putting spacers under the water heater

Someone here recommended putting bricks under an electric water heater, so the bottom won't rust out, I think it was.
Do many people do this? Do you think it is important?
Is it very common for a bottom to rust out so much there are problems? The pan around my last water heater had an inch or two of water in it once in a great while, but it was bone dry 99% of the time. There are small rust marks, but just on the surface.
I have height issues, so was thinking of putting in 3 or 4 tiles, maybe a quarter inch high, like bathroom wall tiles maybe. Would that be high enough to accomplish what bricks are for?
Should I do that.
TIA.
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1st you should know how a hot water tank is built. It is a tank wrapped with insulation, then covered with an outer skin. There is insulation between the bottom of your hot water tank and the bottom of the outer skin.
Unless you have water in your basement that is condusive to rusting, then put spacers. If you have a dry basement and are installing in a recomended enviroment...then the Hot water tank should come with it's own bricks....No? Think abot that...Jimi...
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Jimi wrote:

Would it raise it enough to make the drain valve more accessible? If not, then raise it some more. Personally, I wouldn't use tiles, they are decorative rather than structural.

Your call, but I reckon most people don't do it, cause they don't think about it. I do it, and a few others I know do because they like the valve being above the pan edge.

In certain areas of the west gas water heaters are required to be 18" above the floor. Seen any gas water heaters with their own stilts? No? Think about that too.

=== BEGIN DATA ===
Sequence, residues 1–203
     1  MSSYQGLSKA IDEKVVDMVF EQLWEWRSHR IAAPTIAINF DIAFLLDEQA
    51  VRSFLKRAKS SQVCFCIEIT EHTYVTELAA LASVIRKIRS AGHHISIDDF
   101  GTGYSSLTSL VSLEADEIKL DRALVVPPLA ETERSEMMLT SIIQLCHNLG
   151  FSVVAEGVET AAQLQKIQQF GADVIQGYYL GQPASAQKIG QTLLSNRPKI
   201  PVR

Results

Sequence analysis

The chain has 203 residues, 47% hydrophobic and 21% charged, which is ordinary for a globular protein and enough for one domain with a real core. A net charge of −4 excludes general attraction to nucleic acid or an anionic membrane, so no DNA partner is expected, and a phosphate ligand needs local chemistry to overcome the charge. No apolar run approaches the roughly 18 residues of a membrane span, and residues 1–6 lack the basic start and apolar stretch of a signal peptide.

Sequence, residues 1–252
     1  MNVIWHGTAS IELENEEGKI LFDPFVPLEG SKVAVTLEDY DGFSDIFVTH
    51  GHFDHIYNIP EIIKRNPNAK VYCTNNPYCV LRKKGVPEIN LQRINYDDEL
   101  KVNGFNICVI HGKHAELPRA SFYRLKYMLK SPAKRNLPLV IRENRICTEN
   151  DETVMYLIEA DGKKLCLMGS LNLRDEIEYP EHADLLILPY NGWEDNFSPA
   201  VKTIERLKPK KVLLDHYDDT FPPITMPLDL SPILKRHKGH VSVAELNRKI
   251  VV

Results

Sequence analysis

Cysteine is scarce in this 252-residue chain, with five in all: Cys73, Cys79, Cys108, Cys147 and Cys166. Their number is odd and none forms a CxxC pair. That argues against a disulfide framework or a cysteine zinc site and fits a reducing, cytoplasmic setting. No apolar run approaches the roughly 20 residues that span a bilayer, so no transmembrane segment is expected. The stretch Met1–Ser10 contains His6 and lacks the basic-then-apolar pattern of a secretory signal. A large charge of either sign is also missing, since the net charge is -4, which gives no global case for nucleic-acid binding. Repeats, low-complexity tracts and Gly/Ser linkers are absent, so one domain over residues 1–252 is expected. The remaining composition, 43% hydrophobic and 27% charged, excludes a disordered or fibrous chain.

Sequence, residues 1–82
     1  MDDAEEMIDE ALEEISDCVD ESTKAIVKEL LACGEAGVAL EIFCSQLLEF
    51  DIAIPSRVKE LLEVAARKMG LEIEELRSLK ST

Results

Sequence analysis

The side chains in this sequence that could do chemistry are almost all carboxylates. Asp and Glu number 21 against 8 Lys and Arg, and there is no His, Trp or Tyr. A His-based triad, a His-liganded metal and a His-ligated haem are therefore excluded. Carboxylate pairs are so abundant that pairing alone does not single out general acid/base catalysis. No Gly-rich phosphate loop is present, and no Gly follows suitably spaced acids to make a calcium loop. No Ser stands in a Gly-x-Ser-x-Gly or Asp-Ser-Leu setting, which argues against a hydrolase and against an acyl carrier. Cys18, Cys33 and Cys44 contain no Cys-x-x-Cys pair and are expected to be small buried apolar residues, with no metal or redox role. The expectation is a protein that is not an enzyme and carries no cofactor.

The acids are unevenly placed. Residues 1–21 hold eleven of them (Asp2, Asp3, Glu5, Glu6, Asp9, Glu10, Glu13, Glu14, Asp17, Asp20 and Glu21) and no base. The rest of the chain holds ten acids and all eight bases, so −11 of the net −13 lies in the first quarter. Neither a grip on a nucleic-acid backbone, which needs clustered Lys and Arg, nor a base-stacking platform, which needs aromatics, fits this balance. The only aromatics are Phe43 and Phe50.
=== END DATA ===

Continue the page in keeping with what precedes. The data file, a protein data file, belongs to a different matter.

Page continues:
Raising the water heater two to three inches out of the pan keeps the base out of any water AND provides better access to the drain valve (its not sitting in the pan where you couldn't hook a hose up to it anyway). Makes flushing the tank easier; and if its easier its more likely to be done.
--
Grandpa

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Don't use bricks. They will wick the water up to the bottom of the water heater.
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No, the drain valve is accessible without anything to life it up.

Then something else that's only 1/4 to 1/2 inch thick that I could use?
It's usually been bone dry, but this last time that it sprayed water out around the drain valve, the water level never went down blow an inch and a quarter. So I"m thinking maybe spacers that lifted it up a little would help the pan drain. When I get the water heater out today, I'll be better able to tell why it isn't draining all the way.

Gotcha.
I'm thinkin'. I'm going to keep thinkin' tonight and tomorrow.

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mm wrote:

Hey, 1/4" tiles don't cost nothing! I'd do it. As for whether it works, consider how much water would have to be on the floor to reach the bottom of the heater. Say you're in a 20'x30' basement.
.25 x 240 x 360 = 21,600 cu in = ~93 gallons.
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I think this becomes less of an issue if you have a plastic catch pan under the water heater, which most should. That isolates it from the possibly damp basement floor. Even in an unfinished basement this is a good idea, because water is going to flow downhill and basement floors aren't perfect. I've seen basements where even though the French drain was close by, the water went the other way.
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